Sarah Christensen is a ceramic artist and the creative force behind Sarah Christensen Ceramics located in Denver, Colorado. She is known for her highly decorated wheel thrown functional work and ceramic wall pieces.
Please introduce yourself:
I was always encouraged to be an artist, and I always wanted to be one. While I dabbled in lots of mediums as a kid, I didn’t touch clay until high school. Only then, did I really think it could happen. I went to college to blow glass, but after many burns, found clay to be more conducive to how I translated my ideas with my hands. That was all it took, and I’ve been hooked ever since.
How many years have your been working with clay?
I’ve been working in clay 25 years.
Do you have a formal education in clay/art or how did you acquire your skills?
I have a bfa in ceramics from Alfred University, which gave me a great base of knowledge from which to work. I think I am still processing all the info I absorbed there. Since graduation I have been more interested in finding my voice in my work, and have chosen to limit my exposure to new techniques and influences. I love seeing what others are doing, but I get distracted easily and overwhelmed with new ideas which limits my focus.
As a graduate of Alfred’s ceramic program, one of the most respected clay programs in the nation, can you speak to the rigor of the program and how it has prepared you to pursue clay full time in recent years?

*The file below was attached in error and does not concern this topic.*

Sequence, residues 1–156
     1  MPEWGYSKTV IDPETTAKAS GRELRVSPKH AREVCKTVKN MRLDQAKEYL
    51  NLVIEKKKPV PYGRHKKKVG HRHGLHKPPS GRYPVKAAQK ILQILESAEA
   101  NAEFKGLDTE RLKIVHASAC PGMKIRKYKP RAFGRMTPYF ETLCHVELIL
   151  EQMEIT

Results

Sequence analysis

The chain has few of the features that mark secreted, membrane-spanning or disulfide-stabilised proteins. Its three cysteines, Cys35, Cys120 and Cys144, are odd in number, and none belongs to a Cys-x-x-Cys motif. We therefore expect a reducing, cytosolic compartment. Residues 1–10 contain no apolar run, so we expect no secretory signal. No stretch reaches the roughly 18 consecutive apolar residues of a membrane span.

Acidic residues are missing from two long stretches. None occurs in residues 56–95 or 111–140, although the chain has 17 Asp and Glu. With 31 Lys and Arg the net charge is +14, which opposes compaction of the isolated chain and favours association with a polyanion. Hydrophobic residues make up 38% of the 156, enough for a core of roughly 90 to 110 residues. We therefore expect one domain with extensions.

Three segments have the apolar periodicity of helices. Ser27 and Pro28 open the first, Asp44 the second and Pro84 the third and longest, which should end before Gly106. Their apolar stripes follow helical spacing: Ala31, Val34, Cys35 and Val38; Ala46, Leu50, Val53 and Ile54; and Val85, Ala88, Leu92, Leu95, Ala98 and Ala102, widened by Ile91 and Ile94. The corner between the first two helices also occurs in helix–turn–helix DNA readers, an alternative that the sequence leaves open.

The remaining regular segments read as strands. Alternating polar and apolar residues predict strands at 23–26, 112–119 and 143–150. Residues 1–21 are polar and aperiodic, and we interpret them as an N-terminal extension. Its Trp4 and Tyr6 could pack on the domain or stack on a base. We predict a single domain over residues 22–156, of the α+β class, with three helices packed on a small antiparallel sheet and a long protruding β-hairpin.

Were you ever interested in pursuing a MFA in ceramics?
How do you work (techniques/glazing/firing methods)?
Working on lots of projects at once keeps my day interesting. I throw for part of the day, then switch to handbuilding or sculpting. It is easier on the body to move around, and I don’t get antsy doing the same thing all day. I throw functional ware in porcelain, handbuild slab pots, make decorative wall hangings, and sometimes make attempts at what I call “real art”, but it’s really just playing in the studio.
All my work is very focused on surface decoration. I like simple forms that give me a canvas to use slip, glaze pencils, glaze and stamps, to layer color and image. Soda firing has always been a part of that process. It adds that extra magic to a surface, and it is always a surprise.
We are both members of the Colorado Potters Guild. What does it mean to you to be a member of the guild?
When I joined the guild, I was desperate to have a place to fire, but otherwise I was fine working in solitude. I didn’t realize at first how enriching it would be to have a group of clay friends to talk shop with. These days I am constantly grateful for all the enthusiasm, problem solving and fun that being in this group brings.
We have been firing the soda kiln at the Colorado Potters Guild together with a few others and you lead our firings. What is your philosophy or end goal for a soda firing as it relates to your work since it’s so highly decorated with color and fine line work?
Technically this makes you teacher or instructor by taking the lead in our firings (and you’re good at it). Have you ever thought about teaching classes to other potters or aspiring potters? Why or why not?
People love your functional work and I think your sculptural wall boxes are under appreciated. Would you like to move more into the sculptural realm, or do you enjoy straddling both functional and sculptural?
Who or what inspires you?
I’m loving Danish midcentury pottery right now. But inspiration is everywhere, all the time.
Where can people find you?